Nationwide, one in 88 public
school students have been diagnosed with
some form of autism. In Howard County,
Md., that number is one in 73. That translates to 700 students in the county with an
autism spectrum disorder.
Past president and current board member of the Howard County Autism Society Beth Benevides Hill said the county has
higher-than-average numbers not because
of more children with autism being born
in the county but because people move to
the county because of the services offered to
those who need them, according to a news
report in the Baltimore Sun.
PHO TO COURTESY JEB TA TE/PIO/HOMELAND SECURI TY LIAISON
Capt. Tony Concha of Howard County’s
Department of Fire and Rescue Services
agreed, and now his department provides online autism awareness training for
We applaud Howard County Fire and
Rescue for taking note of a need in the community and doing its part to form this innovative partnership to meet the needs of this
“When developing our continuing
education program for Howard County,
we needed to consider the demographic
needs of our community. Howard County
exceeds the statewide percentage of autistic persons by more than twice the state
average,” Concha says. “Working with the
Autism Society of Howard County, we were
able to put together a training program that
enables our providers to recognize autistic
persons and apply specific techniques to
provide appropriate care as needed.”
BOOT FROM THE BAYOU
Ahmed Maloum Sidi Aleywa, a
33-year-old Mauritian national in the U.S.
on an expired tourist visa,was working at
Quicky’s convenience store in downtown
New Orleans when a 9-1-1 call came in for a
chest pain patient at the store. A New Orleans
EMS crew arrived, parked and left the emergency lights active. They went inside and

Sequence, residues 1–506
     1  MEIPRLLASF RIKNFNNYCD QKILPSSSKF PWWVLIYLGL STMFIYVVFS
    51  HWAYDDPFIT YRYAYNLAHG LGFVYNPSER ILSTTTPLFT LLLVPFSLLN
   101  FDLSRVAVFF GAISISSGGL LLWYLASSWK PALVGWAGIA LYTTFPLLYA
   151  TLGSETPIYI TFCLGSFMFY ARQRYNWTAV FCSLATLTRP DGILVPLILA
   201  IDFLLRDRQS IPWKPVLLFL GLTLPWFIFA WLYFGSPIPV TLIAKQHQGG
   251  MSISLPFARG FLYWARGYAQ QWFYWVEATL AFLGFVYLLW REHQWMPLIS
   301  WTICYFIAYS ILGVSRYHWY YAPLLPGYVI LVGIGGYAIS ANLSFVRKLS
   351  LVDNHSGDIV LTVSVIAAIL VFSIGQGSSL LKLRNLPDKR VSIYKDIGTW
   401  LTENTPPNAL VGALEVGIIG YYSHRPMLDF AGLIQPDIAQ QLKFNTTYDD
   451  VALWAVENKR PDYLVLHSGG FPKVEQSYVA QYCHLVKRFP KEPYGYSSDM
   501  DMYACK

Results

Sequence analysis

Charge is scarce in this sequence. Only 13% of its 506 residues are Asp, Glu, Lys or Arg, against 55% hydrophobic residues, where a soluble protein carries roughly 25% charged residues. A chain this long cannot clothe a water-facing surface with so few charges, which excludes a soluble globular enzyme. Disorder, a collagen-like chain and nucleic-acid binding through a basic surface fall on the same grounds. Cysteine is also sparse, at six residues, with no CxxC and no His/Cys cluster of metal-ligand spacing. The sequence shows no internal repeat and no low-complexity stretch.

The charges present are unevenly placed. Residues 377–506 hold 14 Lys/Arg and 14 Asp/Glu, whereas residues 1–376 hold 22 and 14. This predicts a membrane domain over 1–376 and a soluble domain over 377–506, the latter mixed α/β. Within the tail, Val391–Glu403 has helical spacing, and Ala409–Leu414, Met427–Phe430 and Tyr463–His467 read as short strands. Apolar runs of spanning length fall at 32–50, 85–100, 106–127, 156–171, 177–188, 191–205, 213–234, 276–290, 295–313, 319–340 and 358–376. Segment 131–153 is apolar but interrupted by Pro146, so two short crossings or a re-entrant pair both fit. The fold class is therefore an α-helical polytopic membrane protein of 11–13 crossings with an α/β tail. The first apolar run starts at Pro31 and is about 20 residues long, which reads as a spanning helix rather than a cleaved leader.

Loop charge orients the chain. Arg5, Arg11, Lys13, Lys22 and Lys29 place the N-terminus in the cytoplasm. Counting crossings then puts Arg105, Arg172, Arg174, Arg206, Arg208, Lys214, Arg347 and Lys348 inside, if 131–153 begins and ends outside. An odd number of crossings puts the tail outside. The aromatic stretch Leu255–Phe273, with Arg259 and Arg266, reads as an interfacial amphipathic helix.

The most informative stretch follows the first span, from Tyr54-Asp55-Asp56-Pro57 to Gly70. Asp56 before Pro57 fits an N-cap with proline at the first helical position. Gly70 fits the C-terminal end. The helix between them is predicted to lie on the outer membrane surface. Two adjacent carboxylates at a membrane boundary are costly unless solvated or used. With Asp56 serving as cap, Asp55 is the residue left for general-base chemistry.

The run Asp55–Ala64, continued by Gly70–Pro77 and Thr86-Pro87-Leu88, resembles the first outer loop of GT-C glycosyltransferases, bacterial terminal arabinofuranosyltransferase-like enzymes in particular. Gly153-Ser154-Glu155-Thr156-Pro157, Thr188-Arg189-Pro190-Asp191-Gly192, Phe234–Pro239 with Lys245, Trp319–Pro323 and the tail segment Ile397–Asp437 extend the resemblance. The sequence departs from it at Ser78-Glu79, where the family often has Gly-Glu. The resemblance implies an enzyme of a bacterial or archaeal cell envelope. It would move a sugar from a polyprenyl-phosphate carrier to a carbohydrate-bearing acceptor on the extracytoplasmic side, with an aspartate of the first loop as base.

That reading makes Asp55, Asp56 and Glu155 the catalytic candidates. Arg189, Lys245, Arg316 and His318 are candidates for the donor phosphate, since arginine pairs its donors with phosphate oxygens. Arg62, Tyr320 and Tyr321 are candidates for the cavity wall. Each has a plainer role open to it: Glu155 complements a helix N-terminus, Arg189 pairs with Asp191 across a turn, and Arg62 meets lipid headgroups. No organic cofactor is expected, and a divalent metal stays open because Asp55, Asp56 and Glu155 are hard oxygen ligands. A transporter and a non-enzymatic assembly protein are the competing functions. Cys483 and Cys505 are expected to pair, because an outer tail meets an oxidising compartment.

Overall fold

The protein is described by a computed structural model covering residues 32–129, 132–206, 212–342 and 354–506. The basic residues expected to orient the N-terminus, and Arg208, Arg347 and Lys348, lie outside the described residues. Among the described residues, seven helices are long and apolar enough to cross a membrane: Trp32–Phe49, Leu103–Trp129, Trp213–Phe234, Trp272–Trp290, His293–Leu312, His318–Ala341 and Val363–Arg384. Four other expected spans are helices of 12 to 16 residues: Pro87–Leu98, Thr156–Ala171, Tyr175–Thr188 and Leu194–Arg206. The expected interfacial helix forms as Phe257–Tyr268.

took quick action, transporting the patient to
the back of the ambulance and treating him
while parked in the lot.
This online training program will include
a pre-course knowledge check with critical thinking questions about autism facts
and emergency response challenges. After
firefighters and paramedics complete the
training, a post-course quiz will be given to
reinforce content comprehension.
Apparently, Aleywa took his duties of
“booting” cars parked in the lot without paying so seriously that he ignored the flashing
lights and crew occupying the emergency
vehicle and placed a boot on the ambulance.
This expands county-wide efforts to
train first responders in autism awareness.
Another joint program gives residents the
option to voluntarily flag their addresses
with dispatchers so first responders can
know prior to arrival that a resident may
be nonverbal, oversensitive to sirens,
unaware of danger, or prone to elope or
exhibit other noteworthy behaviors.
Unaware the boot had been placed on the
ambulance, the prehospital crew attempted
to start the vehicle to transport the patient
to a local hospital when they discovered
the front tire was locked. They then had to
call for backup and wait until another crew
arrived to transport the man.
We chide Aleywa, who was later fired,
for his lack of situational awareness. Doing
one’s professional duties is indeed impor-
tant. However, in this case, it went against
common sense and respect for an ambu-
lance crew and patient.
KEEPING THE BEAT GOING
The Memphis Fire Department
(MFD) purchased 17 LUCAS chest compression systems, manufactured by Physio-Control, Inc., thanks to a $240,000 grant
from the Assisi Foundation of Memphis.
“We believe this technology will allow us
to provide even better care for our patients,”
said Fire Director Alvin Benson in a news
release. “Providing manual CPR can be difficult, inconsistent, and tiring. The LUCAS
system will give the patient high-quality,
PHO TO COUR TES Y PHYSIO-CON TROL, INC.
continuous and consistent compressions
The electrically powered devices are
hoped to increase Memphis’ 16% survival
rate from out-of-hospital cardiac arrests.
The Assisi Foundation of Memphis
serves nonprofit organizations that work
to improve Memphis and the mid-South.
It addresses pressing challenges while also
searching for root causes with the goal of
creating community-wide transformation.
We give a thumbs up to the partnership
between MFD and the Assisi foundation in
awarding this grant. Hopefully, placing more
devices in ambulances can help increase CPR
survival rates in the area.
JEMS (Journal of Emergency Medical Services), ISSN 0197-2510, is published monthly by Elsevier Public Safety, 525 B Street, Suite 1800, San Diego, CA 92101-4495; 800/266-5367 (fed. ID #13-1958712).
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